Yesterday, when I snuggled with my son in his bed before he went to sleep, he was four. When he stumbled in my room this morning, he was five.
Just like that. An entire hand. Five.
I don't know why that number seems so big. Or why I'm having a tough time with it.
The first thing Sawyer did was drag me into my bathroom, turning on every light. He led me right to the scale, where he hopped on to show that surely he was bigger now that he was five.
He didn't even ask for any gifts. Not before we went to IHOP with neighbors and not even after we'd been back home for awhile. Then David arrived from a brief overnight trip. And the wrapping paper flew.
Sawyer couldn't stop thanking me throughout the day: for the Star Wars wrapping paper, for the two Star Wars ships, for his robe, his book, and, the Most Exciting Thing Ever - his Stormtrooper Blaster.
I'm guessing the thrill and ensuing dance was mostly based on my telling him he'd never be getting a gun. But as any moms of boys know, it doesn't matter whether or not you buy them one. If there isn't one at home, then there's an arsenal at the neighbor's house, and barring that, they'll find any stick, toy golf club or, if worse comes to worse, fingers will become a weapon.
It's in the genes. Just like my daughter somehow knowing the name to every Disney Princess before she'd ever seen a movie or book about them.
Really, though, Sawyer is not an aggressive kid (other than when he's playing Star Wars with all the neighborhood kids, smacking each other around with light sabers). He's actually quite sweet and easy-going. His teacher said he's open to being friends with all the kids and I shouldn't worry that he hasn't found that one special best friend yet.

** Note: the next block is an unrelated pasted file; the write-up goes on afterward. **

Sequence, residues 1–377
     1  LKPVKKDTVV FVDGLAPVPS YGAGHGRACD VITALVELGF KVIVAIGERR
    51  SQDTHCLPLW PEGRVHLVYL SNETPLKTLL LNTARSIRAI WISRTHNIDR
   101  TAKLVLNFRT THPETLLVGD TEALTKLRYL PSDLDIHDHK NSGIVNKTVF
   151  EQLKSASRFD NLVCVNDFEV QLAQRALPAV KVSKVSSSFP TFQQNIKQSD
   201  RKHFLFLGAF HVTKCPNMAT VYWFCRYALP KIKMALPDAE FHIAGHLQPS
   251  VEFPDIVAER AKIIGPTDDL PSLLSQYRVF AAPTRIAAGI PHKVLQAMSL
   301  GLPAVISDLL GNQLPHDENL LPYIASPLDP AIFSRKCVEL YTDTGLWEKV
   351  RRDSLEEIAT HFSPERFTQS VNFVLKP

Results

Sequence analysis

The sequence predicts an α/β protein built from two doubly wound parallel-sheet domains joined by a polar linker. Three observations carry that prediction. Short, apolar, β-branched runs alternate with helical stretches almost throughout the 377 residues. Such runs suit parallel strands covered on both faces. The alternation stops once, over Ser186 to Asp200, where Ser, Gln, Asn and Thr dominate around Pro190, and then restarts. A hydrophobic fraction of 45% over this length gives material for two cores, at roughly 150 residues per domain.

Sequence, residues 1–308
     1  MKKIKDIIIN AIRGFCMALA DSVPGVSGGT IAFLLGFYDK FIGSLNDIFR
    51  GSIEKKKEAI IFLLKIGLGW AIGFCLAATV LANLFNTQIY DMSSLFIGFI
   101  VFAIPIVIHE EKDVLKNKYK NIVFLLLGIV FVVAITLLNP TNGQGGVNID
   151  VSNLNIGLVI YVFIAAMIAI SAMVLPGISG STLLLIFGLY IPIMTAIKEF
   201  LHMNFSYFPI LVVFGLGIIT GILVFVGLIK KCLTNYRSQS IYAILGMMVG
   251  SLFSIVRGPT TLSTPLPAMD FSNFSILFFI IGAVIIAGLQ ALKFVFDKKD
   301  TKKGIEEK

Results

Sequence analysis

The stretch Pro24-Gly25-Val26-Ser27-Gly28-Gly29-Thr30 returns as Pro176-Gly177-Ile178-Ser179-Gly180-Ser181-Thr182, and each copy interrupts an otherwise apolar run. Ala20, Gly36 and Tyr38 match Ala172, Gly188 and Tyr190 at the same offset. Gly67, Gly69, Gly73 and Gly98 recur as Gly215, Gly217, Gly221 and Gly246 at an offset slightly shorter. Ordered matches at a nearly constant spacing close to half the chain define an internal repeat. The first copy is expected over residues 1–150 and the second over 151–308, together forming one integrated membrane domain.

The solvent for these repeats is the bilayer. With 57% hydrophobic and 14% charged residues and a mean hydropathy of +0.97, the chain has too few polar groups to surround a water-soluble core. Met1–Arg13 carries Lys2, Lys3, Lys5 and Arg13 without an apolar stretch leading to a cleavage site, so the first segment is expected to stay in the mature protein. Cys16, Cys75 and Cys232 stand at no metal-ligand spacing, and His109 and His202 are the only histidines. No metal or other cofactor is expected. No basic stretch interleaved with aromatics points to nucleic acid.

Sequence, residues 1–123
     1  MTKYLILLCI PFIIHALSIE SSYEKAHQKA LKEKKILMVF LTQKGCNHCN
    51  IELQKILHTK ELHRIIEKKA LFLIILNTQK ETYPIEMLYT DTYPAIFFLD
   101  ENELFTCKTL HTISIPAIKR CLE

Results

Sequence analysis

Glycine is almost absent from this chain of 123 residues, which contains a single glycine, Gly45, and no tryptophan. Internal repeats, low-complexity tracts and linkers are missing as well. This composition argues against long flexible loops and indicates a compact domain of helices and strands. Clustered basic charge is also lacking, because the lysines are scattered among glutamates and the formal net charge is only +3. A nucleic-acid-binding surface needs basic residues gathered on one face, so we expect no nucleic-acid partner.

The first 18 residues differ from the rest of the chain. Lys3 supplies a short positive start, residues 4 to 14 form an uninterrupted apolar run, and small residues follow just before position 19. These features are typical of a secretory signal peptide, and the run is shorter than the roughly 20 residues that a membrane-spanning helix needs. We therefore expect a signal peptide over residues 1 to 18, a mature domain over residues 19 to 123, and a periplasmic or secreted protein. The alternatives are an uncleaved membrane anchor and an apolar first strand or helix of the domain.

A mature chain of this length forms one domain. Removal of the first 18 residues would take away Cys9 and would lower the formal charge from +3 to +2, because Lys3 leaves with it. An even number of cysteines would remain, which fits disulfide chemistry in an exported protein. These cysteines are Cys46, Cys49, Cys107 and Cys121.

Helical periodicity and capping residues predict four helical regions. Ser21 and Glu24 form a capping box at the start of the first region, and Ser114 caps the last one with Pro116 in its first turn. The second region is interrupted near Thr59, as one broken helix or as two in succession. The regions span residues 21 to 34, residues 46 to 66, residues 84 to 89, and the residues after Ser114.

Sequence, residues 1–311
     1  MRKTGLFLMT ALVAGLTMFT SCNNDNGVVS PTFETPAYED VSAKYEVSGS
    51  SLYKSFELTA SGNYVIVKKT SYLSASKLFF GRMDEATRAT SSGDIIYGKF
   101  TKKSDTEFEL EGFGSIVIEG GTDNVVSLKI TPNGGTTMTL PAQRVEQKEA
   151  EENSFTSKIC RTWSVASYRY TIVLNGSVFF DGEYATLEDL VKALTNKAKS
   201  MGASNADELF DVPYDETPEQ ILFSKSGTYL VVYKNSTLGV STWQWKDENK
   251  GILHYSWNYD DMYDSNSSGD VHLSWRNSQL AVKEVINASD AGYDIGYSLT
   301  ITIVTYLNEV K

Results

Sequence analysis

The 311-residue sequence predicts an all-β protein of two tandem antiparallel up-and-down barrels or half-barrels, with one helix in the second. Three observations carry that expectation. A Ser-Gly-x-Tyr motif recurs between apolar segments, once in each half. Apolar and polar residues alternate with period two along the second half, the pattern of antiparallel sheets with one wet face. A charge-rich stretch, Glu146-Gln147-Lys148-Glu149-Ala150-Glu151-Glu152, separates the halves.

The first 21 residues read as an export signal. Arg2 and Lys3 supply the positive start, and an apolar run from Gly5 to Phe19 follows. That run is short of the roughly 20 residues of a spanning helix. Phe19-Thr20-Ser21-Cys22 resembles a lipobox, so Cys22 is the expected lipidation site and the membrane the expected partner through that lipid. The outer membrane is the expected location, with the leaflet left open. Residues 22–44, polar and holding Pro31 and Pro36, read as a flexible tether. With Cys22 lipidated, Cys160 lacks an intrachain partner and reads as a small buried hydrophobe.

The Year of Four was really a big one for him. He learned to ride his bike without training wheels. He learned to write his name. He dresses himself, puts away his clothes in the correct drawer, can get in and out of the car by himself and, occasionally, even puts away a toy or two.
What I'm most proud of is what a compassionate little kid he is. He asked me to bring in chocolate pudding for his birthday treat yesterday at school. Then he said "Wait, make sure you bring vanilla, too," because one of his friends doesn't like chocolate. What four year-old thinks of that? Or adding a toy to his Christmas list for the twins up the street because they'd lost a toy and he knows they're sad about it?
We visited his cousin last month, who showed him a karate kick and said "You don't know how to do that." And instead of being upset or competitive about it, Sawyer said "Oh! Can you teach me?"
He always tries to include Sage - even when his friends or cousin are telling her she's too little or calling her a baby. He is looking forward to showing his new baby brother the ropes.
I love seeing where his imagination takes him. Read him a page in a book, show him a picture, and he's off, creating his own adventures. Maybe he'll be a writer - if he ever learns to read!
I wish I could take credit for him, but I think he's all David. He's even-keeled, sometimes to a fault. He gets along with everyone and is really a happy, social guy. Good-looking, too. I unfortunately must claim his Spawn of Satan sister, who is stubborn, opinionated and independent.
I feel very fortunate and honored to be Sawyer's Mommy. He's not perfect, but he's perfect for our family.
Love you, Buns. Thanks for still letting me hug and kiss you even though you're now Five.